What is the retina?
Imagine that your eye is like a camera, and the retina is the film. The retina is a fine sheet of nerve tissue lining the inside of the eye. Rays of light enter the eye and are focused on the retina by the lens. The retina produces a picture which is sent along the optic nerve for the brain to interpret. It’s rather like the film in the camera being developed so that pictures can be produced.
What is retinal detachment?
Usually the retina is attached to the inner surface of the eye. If there is a tear or hole in the retina then fluid can get underneath it. This weakens the attachment so that the retina becomes detached – rather like wallpaper peeling off a damp wall.
When this happens the retina cannot compose a clear picture from the incoming rays and your vision becomes blurred and dim.
Who is more likely to get it?
Detachment of the retina happens more to middle-aged, shortsighted people. It is quite uncommon however and only about one person in ten thousand is affected. Very rarely, younger people can have a weakness of the retina.
What are the symptoms?
The most common symptom is a shadow spreading across the vision of one eye. You may also experience bright flashes of light and/or showers of dark spots called floaters. These symptoms are never painful.
Many people experience flashes or floaters and these are not necessarily a cause for alarm. However, if they are severe and seem to be getting worse, and/or you are losing vision, then you should see a doctor urgently. Prompt treatment can often minimise the damage to your eye.
What is the treatment?
If you get help early, it may only be necessary to have a laser or freezing treatment. This is usually performed under a local anaesthetic.
Often, however, an operation to repair the hole in the retina is needed. This is usually done under a general anaesthetic and can be repaired with a single operation in 90% of cases. This does not usually cause much pain but your eye will be sore and swollen for a few days afterwards. You will usually need to stay in hospital for two or three days after your operation.
We want to reassure you that your surgeon does not remove your eye from its socket to operate on it.
How much vision can I expect after a successful operation?
This depends on how much the retina has detached and for how long. The shadow caused by the detachment will disappear in all cases when the retina has been put back in place. However, if the detachment involves the part of the retina which is responsible for your central vision, this may not recover. The longer this part of the retina has been detached, the smaller the chance that your central vision will recover to its former level. But if this is the case, you will still have some useful vision left.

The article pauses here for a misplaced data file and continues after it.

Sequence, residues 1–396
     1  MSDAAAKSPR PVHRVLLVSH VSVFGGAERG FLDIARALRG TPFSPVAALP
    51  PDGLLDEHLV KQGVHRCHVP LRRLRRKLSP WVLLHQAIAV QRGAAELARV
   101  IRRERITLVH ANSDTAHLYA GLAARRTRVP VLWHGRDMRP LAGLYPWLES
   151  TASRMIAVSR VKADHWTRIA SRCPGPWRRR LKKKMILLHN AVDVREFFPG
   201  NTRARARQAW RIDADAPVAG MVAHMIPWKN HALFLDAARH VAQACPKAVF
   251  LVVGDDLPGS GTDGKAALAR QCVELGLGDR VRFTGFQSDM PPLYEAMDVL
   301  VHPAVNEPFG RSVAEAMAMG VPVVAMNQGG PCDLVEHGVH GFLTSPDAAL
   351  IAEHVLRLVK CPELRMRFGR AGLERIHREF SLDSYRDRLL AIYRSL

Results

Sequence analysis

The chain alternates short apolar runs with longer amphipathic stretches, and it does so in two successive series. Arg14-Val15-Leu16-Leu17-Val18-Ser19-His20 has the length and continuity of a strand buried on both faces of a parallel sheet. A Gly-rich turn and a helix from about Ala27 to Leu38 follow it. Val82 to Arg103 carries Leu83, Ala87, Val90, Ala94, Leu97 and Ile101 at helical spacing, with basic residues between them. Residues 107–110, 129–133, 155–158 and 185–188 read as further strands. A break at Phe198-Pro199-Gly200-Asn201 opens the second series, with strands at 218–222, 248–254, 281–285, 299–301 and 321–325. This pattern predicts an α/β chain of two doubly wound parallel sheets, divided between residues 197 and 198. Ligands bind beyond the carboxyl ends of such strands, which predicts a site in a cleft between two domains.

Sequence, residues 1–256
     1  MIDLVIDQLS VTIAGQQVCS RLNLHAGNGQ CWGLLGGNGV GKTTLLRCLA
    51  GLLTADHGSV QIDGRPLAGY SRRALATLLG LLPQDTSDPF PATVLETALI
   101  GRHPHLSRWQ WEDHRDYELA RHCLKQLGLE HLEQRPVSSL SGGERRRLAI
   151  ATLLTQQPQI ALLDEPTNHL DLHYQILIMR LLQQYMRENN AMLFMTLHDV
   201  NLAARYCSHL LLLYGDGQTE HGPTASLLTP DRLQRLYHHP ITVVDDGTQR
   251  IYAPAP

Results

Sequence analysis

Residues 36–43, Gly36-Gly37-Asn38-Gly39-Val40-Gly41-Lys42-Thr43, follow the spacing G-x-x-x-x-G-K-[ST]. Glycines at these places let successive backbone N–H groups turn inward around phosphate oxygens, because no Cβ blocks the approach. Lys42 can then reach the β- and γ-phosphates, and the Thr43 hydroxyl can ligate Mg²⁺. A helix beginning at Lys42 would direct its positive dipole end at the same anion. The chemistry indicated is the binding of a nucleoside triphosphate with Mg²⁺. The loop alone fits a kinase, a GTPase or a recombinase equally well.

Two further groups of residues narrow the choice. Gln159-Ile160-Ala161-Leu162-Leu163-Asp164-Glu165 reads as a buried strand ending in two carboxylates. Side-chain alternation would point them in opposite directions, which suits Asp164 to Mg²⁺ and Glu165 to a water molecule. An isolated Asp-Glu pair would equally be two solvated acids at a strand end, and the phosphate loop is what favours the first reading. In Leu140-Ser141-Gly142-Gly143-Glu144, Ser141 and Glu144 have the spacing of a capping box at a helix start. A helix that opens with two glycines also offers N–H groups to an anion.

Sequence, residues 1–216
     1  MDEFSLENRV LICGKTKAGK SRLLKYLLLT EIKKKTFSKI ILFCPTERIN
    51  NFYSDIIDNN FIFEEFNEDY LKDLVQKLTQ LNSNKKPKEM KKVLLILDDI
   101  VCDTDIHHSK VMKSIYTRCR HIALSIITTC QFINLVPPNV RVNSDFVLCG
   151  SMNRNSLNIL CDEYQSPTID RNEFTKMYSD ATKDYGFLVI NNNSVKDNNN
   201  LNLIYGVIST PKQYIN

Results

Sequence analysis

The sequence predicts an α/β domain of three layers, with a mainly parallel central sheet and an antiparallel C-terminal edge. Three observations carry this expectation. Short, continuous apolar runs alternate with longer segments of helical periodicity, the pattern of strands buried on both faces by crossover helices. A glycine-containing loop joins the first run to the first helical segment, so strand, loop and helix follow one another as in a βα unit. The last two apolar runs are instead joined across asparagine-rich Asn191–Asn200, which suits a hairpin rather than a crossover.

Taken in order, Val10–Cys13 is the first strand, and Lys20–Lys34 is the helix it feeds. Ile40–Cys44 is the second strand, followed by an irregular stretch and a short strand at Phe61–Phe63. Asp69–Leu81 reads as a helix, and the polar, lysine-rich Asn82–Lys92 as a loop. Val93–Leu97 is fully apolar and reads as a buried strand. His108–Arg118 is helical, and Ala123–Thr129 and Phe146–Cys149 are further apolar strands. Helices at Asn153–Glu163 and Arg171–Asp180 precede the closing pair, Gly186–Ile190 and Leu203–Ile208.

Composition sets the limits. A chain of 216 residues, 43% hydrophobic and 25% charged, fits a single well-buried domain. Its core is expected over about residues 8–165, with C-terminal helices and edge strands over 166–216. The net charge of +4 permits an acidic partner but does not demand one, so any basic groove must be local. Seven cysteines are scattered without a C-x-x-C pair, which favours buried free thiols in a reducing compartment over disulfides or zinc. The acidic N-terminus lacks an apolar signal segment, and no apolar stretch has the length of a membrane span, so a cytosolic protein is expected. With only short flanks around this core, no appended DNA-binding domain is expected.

What happens after the operation?
Usually you can return home after two or three days in hospital. And you will be encouraged to get up and carry on as usual on the day after the operation. Sometimes you will be asked to keep your head in a particular position to help the healing process.
You can resume normal activities as soon as you feel able.
What happens if the retina is not put back in place?
Most people will lose all useful vision if no operation is carried out or if the treatment is unsuccessful. Occasionally, if the detachment involves the lower portion of the retina, some vision may recover by itself.
Can retinal detachment be prevented?
If your family has a history of retinal detachment, or your doctor finds a weakness in your retina, then preventive laser or freezing treatment may be needed. In most cases however it is not possible to take preventive action.
Retinal detachment does not happen as a result of straining your eyes, bending or heavy lifting.
Am I likely to get one in the other eye?
If you have a retinal detachment in one eye, you are at increased risk of developing one in the other eye. But there is only about a one in ten chance of this happening.
What if my sight cannot be fully restored?
Much can be done to help you use your remaining vision as fully as possible. You should make an appointment to see an NCBI local support worker. There are a variety of optical aids such as brighter reading lamps, simple magnifying glasses and more sophisticated equipment that can help you.
The information provided here is intended to educate the reader about certain medical issues and should not be used for clinical diagnosis.